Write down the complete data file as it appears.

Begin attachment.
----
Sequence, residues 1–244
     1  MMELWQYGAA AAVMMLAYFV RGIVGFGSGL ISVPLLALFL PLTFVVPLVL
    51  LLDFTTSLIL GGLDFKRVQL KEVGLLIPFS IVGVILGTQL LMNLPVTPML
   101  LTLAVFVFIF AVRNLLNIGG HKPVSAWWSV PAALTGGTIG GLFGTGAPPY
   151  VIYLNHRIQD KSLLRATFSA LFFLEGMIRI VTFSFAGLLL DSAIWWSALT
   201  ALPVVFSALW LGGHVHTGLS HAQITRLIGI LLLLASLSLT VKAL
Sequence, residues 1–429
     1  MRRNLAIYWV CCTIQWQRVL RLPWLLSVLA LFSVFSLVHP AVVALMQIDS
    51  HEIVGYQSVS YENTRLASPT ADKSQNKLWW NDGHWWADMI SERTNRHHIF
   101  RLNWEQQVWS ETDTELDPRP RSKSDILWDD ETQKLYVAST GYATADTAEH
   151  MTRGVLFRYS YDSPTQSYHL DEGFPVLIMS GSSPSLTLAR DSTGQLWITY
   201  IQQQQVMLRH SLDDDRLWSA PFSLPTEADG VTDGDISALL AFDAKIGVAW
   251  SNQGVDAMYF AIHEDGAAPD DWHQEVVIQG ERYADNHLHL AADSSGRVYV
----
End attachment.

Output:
Sequence, residues 1–244
     1  MMELWQYGAA AAVMMLAYFV RGIVGFGSGL ISVPLLALFL PLTFVVPLVL
    51  LLDFTTSLIL GGLDFKRVQL KEVGLLIPFS IVGVILGTQL LMNLPVTPML
   101  LTLAVFVFIF AVRNLLNIGG HKPVSAWWSV PAALTGGTIG GLFGTGAPPY
   151  VIYLNHRIQD KSLLRATFSA LFFLEGMIRI VTFSFAGLLL DSAIWWSALT
   201  ALPVVFSALW LGGHVHTGLS HAQITRLIGI LLLLASLSLT VKAL
Sequence, residues 1–429
     1  MRRNLAIYWV CCTIQWQRVL RLPWLLSVLA LFSVFSLVHP AVVALMQIDS
    51  HEIVGYQSVS YENTRLASPT ADKSQNKLWW NDGHWWADMI SERTNRHHIF
   101  RLNWEQQVWS ETDTELDPRP RSKSDILWDD ETQKLYVAST GYATADTAEH
   151  MTRGVLFRYS YDSPTQSYHL DEGFPVLIMS GSSPSLTLAR DSTGQLWITY
   201  IQQQQVMLRH SLDDDRLWSA PFSLPTEADG VTDGDISALL AFDAKIGVAW
   251  SNQGVDAMYF AIHEDGAAPD DWHQEVVIQG ERYADNHLHL AADSSGRVYV